‘She ended up having a pacemaker fitted – the nurse said: "your judgement there would make you a fabulous nurse, you have just saved a life."’

After spending more time with the nurses on the team, the opportunity arose to do the nursing associate course and Ms Simmons applied.

Like Ms Stott, she enjoys working with older people.

‘Age is just a number,’ Ms Simmons says. ‘With age comes experience and the people I have met have lots of interesting stories.

‘Nursing associates are able to give patients the hands-on bedside care that nurses don’t always have time to give.’

Adding value

Laura Simmons with patient Eric Molyneux. Picture: John Houlihan

Ms Stott agrees and says she is excited about being able to ‘add value’ to the nursing team by working alongside registered nurses, freeing them up to deal with more complex care situations.

‘We can be there by the bedside for patients and monitor them, always with a view to going to a registered nurse with any concerns,' she says. 'Hopefully the patient will have that extra layer of enhanced care from nursing associates – that care is already there, but it is pressured.’

The trainee nursing associates recognise that the new role has met with concerns from some in the profession.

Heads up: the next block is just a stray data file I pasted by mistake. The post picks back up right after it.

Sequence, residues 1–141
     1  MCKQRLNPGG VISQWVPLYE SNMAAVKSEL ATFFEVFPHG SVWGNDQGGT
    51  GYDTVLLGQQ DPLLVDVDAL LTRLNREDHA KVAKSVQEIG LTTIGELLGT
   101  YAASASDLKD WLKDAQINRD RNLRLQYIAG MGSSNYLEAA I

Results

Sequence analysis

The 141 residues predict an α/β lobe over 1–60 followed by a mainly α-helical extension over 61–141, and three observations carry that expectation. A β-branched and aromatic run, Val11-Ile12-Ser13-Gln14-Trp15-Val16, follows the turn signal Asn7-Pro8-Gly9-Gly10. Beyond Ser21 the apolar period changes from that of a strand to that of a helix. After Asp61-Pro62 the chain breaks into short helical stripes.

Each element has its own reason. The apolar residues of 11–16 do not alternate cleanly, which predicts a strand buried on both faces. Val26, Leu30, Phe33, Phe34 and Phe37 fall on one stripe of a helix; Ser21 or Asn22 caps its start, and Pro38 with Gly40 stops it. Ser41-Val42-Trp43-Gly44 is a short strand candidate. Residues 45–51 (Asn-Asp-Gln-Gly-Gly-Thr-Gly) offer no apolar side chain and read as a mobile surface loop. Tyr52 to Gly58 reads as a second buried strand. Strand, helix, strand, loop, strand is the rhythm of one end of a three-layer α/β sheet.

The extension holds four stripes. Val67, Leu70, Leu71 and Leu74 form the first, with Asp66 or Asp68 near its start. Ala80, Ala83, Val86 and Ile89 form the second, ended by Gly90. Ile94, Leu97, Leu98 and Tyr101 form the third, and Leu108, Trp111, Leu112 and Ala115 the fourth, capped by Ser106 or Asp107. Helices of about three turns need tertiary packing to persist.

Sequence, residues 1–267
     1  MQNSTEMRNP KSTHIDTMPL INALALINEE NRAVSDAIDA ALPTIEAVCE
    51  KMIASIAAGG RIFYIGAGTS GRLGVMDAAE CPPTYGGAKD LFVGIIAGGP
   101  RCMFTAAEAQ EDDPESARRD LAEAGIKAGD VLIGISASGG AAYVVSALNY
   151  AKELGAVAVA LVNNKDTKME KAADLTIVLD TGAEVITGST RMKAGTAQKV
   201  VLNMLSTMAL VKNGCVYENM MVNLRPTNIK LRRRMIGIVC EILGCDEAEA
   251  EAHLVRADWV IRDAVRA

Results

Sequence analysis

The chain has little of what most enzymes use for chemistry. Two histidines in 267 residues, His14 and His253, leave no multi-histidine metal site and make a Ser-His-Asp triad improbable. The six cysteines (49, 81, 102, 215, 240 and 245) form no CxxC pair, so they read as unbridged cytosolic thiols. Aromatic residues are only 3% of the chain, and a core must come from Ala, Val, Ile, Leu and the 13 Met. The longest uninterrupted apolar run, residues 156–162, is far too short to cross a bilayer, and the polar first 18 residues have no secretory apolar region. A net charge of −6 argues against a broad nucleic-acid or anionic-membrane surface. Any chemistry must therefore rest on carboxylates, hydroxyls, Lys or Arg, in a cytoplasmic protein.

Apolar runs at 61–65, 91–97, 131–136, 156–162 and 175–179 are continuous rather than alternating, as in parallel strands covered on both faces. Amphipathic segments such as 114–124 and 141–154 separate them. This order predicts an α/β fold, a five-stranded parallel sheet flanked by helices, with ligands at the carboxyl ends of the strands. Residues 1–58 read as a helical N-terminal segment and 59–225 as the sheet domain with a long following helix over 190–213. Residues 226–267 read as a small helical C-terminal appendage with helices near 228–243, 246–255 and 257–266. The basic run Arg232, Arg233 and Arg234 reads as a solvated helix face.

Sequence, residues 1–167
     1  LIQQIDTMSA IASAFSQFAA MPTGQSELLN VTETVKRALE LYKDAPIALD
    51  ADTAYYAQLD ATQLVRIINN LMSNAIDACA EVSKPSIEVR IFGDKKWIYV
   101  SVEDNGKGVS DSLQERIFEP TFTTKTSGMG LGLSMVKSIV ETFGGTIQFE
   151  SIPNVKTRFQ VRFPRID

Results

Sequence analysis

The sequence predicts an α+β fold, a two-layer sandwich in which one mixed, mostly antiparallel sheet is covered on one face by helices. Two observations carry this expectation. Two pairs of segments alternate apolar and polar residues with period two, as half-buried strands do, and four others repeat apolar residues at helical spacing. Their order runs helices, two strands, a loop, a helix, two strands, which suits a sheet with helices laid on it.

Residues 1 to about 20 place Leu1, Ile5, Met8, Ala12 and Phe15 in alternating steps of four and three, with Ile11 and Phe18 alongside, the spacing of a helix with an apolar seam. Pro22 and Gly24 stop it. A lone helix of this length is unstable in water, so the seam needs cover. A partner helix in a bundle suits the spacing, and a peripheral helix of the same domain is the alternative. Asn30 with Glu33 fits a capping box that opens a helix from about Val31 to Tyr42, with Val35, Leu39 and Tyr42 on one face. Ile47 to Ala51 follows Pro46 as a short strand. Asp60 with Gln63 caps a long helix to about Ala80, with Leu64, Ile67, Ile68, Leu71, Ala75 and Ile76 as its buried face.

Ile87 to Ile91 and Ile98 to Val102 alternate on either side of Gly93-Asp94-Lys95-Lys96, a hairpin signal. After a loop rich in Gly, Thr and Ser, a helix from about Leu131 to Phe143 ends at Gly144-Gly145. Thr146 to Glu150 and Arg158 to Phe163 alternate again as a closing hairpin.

Some see the nursing associate as a threat to the profession’s graduate-entry status, while others consider it a reinvention of the state enrolled nurse, which was phased out in the 1980s.

Acceptance and integration


of nursing associates want to go on and train as nurses

(Source: Health Education England)

Others are concerned to ensure the nursing associates, who will be paid at band 4 (£20,150 to £23,363), are not used as a cheap substitute for nurses.

Ms Stott says that being accepted and integrated into the nursing team will be a challenge at first.

‘There will be teething problems, but our role is in support of registered nurses’, she says.

‘We are not replacing registered nurses, we are adding value to the whole team.

‘It is a nursing family as I see it and we all have the same goal which is to provide excellent patient care.’

The nursing associate role

Nursing associates will work in hospital and community settings, undertaking clinical tasks such as venepuncture, temperature, pulse and blood pressure, and assisting patients with eating and drinking.

The nursing associate role was introduced to help address the skills gap between unregulated healthcare support workers and registered nurses. It is also intended to take pressure off nurses so they can deliver more complex care.

The first cohort of nursing associates qualified at the end of January 2019 after two years of training.

They will join a new nursing associate part of the Nursing and Midwifery Council (NMC) register, as the organisation now regulates the role. The role will be regulated in England only.

New NMC standards for nursing associates were published in October, with supporting guidelines on protected learning and practice learning experience.


Further information

Nursing and Midwifery Council (2019) What is a Nursing Associate?